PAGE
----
The hemodynamic stability of the patient (he had normal values for atrial natriuretic peptide and no signs of heart failure) and the short course of antibiotic treatment were the reasons for not performing urgent surgery on the mitral valve after consultation with cardiac surgeons. Gentamicin (3mg/kg daily) was started instead of ceftriaxone on day seven. His abdominal ultrasonography was negative for liver or splenic embolisms. Painful erythematous nodules (2 to 3mm) were observed on the skin of the right sole, suggestive of secondary lesions. No other skin lesions appeared during the following days, and the neurological examination was steadily normal. The patient underwent weekly ECG evaluations during antibiotic treatment.
A second TEE done on the 12th day of antibiotic therapy found worsening of the endocarditis and growth of the vegetative lesions on the PML. On the 14th day, a cardiac magnetic resonance scan excluded either concomitant rheumatic heart disease or peri-valvular abscess due to Streptococcus pyogenes. At the ECG exams on the 19th and 25th days of hospitalization, the vegetant lesions were not observed (Figure 1 G-I). Gentamicin treatment was continued for two weeks, ampicillin for four weeks, and then the patient was discharged. At the clinical control checkup six months later, the patient was asymptomatic with normal vital signs. A blood test revealed normal white blood cells (WBC) count and CRP levels. Transthoracic echocardiography (TTE) showed a low-grade mitral insufficiency consistent with previous endocarditis of posterior commissure of the mitral valve with normal left ventricular ejection fraction.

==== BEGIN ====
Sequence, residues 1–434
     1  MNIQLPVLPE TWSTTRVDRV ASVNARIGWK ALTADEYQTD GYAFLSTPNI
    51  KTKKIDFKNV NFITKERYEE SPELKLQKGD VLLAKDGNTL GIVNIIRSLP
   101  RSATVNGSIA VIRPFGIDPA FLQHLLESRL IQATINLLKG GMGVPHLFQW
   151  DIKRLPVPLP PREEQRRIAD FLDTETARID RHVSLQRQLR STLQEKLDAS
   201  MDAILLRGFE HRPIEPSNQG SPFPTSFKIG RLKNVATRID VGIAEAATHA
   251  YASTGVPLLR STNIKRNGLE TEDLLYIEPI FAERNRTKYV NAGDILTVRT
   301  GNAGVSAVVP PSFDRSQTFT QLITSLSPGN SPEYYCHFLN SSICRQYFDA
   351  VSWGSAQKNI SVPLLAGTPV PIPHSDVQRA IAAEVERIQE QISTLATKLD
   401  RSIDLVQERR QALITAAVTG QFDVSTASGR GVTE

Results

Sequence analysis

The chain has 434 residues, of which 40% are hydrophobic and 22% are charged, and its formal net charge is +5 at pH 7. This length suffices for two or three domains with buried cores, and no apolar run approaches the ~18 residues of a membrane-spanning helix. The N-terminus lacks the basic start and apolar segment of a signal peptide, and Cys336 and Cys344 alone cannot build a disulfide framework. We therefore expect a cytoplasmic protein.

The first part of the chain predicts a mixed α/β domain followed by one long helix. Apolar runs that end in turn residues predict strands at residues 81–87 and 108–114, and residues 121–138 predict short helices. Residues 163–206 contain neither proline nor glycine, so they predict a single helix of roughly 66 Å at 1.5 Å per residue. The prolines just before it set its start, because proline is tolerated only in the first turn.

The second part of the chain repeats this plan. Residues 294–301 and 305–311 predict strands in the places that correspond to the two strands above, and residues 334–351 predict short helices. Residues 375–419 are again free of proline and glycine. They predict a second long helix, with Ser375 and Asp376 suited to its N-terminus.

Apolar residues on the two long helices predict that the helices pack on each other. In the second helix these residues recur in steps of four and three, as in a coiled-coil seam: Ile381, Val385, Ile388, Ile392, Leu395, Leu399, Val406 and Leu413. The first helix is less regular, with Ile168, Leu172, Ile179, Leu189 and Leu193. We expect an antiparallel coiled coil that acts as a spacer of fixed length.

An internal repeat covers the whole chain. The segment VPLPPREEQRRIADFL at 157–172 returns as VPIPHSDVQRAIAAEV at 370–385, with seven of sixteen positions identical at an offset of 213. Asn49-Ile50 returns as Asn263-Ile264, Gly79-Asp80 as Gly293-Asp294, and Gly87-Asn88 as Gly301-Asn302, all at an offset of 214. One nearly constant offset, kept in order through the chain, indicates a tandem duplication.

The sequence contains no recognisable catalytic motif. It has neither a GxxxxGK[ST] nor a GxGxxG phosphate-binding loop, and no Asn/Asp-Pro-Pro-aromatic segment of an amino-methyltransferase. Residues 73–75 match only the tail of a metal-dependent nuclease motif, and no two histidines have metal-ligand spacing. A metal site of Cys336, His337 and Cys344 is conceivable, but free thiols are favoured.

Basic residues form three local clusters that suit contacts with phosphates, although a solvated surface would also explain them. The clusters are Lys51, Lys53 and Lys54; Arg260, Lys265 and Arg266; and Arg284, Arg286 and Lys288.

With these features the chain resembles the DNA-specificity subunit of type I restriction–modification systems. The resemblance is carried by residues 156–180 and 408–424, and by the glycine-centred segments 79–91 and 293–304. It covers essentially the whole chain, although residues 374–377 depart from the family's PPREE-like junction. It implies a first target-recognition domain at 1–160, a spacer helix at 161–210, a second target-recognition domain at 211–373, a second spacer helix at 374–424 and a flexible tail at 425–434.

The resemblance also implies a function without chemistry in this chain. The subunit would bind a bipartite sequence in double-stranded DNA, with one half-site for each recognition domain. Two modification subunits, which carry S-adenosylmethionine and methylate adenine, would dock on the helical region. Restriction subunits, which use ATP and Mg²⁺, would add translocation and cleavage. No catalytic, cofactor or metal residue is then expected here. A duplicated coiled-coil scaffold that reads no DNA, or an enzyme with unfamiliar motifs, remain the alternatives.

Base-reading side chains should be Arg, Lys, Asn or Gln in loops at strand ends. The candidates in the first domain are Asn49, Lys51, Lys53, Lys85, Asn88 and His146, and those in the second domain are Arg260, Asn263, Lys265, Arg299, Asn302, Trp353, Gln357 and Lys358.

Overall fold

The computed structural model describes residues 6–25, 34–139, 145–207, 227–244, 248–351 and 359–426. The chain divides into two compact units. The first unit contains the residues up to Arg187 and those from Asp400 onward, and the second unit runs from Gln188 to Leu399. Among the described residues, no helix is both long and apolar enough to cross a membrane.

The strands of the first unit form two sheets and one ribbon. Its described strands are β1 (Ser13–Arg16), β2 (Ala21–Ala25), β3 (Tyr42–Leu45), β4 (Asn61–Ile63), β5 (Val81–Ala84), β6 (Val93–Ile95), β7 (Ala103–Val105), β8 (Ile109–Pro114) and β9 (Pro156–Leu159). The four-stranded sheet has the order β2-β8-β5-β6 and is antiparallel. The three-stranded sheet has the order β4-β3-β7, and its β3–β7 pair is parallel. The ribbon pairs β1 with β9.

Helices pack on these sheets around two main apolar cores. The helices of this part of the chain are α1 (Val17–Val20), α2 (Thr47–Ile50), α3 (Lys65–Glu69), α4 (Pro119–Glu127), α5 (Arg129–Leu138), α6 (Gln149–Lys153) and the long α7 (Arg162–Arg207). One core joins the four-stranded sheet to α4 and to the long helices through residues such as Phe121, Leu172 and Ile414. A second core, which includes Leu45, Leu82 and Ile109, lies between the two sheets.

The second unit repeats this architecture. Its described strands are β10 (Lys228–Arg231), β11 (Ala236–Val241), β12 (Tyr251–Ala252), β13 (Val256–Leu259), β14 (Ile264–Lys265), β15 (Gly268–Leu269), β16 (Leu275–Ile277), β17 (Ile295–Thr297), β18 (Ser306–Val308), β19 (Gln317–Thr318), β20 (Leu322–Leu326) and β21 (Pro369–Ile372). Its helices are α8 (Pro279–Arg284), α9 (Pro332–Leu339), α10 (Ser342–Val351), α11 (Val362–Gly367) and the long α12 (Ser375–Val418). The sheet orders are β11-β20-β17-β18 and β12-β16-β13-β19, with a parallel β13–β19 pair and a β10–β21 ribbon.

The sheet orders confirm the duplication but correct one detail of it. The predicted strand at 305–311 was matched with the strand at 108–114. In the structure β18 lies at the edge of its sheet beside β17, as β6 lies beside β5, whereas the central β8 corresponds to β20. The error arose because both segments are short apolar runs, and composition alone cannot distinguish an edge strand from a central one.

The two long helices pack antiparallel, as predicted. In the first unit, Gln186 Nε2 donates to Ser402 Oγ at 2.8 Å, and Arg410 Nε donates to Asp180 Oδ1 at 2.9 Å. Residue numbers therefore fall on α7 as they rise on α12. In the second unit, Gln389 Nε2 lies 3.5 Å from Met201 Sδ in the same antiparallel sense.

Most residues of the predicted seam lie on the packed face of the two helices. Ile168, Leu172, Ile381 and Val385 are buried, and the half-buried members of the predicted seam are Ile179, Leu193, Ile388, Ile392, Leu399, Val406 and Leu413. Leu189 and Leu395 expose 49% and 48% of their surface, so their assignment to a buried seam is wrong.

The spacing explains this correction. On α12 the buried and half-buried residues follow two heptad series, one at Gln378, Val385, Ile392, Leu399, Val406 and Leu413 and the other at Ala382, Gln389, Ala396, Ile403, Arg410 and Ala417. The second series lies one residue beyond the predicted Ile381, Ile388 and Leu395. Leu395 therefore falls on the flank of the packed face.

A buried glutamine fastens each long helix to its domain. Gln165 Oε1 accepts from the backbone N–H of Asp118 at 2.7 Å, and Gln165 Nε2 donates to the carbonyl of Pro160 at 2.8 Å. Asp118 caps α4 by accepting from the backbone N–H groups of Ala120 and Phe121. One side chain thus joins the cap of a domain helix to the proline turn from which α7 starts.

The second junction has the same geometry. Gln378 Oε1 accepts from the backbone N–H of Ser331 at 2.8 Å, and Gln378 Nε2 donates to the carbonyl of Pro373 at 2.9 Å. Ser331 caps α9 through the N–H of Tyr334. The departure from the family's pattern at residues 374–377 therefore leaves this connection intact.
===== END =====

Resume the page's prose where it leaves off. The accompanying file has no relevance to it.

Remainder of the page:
Group A β-hemolytic Streptococcus pyogenes colonizes the throat and/or skin, and it is responsible for several purulent infections including pharyngitis, impetigo, necrotizing fasciitis, and streptococcal toxic shock syndrome . Bloodstream infections caused by Streptococcus pyogenes come from a primary source that may be cellulitis, pharyngitis, endometritis, pneumonia, or other localized pyogenic infections .
In our case, the source of bacteremia may have been an upper respiratory tract infection, pharyngitis, or skin lesions (acne, folliculitis). Group A Streptococcus pyogenes may induce autoimmune diseases such as acute post-streptococcal glomerulonephritis, rheumatic fever, and rheumatic heart disease; IE has rarely been reported. Based on this, a literature research was performed using PubMed without restriction on search dates. Reports were identified on PubMed using the following keywords: 'infective endocarditis and Streptococcus pyogenes' or 'Streptococcus pyogenes endocarditis'. The literature search was limited to English language articles. Studies not available online were excluded.